third African-American woman to be licensed to
Lutie Lytle was born in
Murfreesboro, Tennessee, in 1871. Her family
moved to Topeka, Kansas, about 1882, and she
attended the public schools there.
Lutie's father was active in
the Populist Party and ran an unsuccessful
campaign for city jailer. His involvement led to
Lutie's appointment as the Populist's assistant
enrolling clerk for the State Legislature. She
also worked for one of the African-American
newspapers in Topeka, and it was while engaged in
this pursuit that she first dreamt of studying
At the age of 21, Lutie moved
to Chattanooga, Tennessee, where she taught
school to pay for her tuition at Central
Tennessee College in Nashville. She studied hard,
and on September 8, 1897 was admitted to the
Criminal Court in Memphis -- the first
African-American woman to be licensed to practice
in Tennessee, and only the third in the United
States. Returning to Kansas later that same
month, she became the first African-American
woman to be admitted to the Kansas bar. In
addition, at the time she was admitted to the
Tennessee and Kansas bars Lytle was the only
black female to be practicing law, as both of the
first two to be licensed were deceased.
Now that she had overcome
racial and gender obstacles to receive her law
degree and license, Lytle faced an even more
difficult task: that of deciding where to
practice. Knowing that it would be all but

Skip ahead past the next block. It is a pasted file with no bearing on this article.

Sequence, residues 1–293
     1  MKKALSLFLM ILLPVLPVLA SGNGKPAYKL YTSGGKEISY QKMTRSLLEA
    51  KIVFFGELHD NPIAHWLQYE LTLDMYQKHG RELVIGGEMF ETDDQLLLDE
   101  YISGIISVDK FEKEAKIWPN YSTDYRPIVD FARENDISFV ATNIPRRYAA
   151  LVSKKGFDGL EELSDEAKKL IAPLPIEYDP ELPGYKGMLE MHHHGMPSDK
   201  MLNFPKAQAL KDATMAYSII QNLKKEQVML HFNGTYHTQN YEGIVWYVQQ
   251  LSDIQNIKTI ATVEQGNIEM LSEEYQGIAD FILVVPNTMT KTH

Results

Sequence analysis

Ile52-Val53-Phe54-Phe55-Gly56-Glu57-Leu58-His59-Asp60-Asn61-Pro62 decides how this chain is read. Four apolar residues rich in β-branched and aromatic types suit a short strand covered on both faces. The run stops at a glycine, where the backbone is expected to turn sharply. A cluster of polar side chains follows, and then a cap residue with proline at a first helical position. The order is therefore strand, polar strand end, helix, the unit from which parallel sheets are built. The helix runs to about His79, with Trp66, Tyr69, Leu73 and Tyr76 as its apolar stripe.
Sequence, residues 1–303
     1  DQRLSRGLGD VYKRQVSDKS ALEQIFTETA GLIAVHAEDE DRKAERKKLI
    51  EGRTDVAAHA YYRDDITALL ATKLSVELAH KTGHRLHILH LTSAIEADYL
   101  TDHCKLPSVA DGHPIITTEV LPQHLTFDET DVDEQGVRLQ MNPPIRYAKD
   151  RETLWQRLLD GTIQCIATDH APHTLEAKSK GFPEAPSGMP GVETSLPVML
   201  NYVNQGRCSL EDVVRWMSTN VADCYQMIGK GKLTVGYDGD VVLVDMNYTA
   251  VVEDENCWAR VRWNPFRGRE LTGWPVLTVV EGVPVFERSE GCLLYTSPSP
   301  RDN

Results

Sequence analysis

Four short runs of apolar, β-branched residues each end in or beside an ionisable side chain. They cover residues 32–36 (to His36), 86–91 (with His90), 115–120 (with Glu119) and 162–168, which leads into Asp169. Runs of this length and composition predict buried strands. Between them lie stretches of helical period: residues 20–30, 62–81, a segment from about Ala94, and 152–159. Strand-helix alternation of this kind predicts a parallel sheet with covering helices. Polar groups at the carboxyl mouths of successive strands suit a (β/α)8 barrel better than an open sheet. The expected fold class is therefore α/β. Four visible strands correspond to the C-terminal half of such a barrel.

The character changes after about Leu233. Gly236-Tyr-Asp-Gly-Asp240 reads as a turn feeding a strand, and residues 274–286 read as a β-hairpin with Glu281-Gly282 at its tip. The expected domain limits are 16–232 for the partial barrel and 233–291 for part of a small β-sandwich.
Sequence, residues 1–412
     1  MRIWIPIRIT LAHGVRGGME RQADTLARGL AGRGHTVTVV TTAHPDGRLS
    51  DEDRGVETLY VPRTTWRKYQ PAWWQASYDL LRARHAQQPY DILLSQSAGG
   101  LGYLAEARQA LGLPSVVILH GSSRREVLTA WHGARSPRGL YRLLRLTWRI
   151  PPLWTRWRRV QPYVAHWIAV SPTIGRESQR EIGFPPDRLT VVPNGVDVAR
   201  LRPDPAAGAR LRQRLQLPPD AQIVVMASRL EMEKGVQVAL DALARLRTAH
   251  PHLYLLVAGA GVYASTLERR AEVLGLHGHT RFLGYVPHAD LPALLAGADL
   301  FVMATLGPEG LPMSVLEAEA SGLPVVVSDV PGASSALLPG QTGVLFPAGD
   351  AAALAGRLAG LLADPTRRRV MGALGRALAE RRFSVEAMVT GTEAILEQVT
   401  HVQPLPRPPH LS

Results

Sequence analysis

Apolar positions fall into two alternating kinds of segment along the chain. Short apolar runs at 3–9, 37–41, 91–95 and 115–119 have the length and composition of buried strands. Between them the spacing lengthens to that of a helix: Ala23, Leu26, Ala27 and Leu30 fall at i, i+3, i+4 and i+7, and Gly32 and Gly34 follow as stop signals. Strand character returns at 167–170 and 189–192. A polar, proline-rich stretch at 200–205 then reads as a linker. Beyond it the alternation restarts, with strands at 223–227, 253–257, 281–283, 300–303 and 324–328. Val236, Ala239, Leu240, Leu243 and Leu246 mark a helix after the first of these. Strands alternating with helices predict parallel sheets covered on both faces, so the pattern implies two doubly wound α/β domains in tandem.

impossible for her to get clients in either
Tennessee or Kansas, she spent several months
giving lectures to women's groups and local
colleges on topics such as the law of Domestic
In the Fall of 1898, Lytle
temporarily abandoned her plan to practice law
and joined the faculty at Central Tennessee
College, becoming the only woman law instructor
in the world. She served in that position through
the 1899 term.
Sometime after leaving Central
Tennessee, Lytle married a minister in the
African Episcopal Church and moved with him to
New Paltz, New York. She later married Alfred C.
Cowan, himself a lawyer, and moved to Brooklyn,
New York. In 1913, Lytle and her husband attended
the annual convention of what is now known as the
Negro Bar Association. She subsequently became
the first African-American woman to become a
member of a national bar organization.
Little else is known about
Lutie Lytle's life and career. Although it is
assumed that she practiced law in New York, no
conclusive evidence of that assumption exists.
Nor is it known when or where she died.
Connolly, Noreen R. "Attorney
Lutie A. Lytle: Options and Obstacles of a Legal
Pioneer." The Nebraska Lawyer,
January 1999; pp. 6-12.
Questions or comments about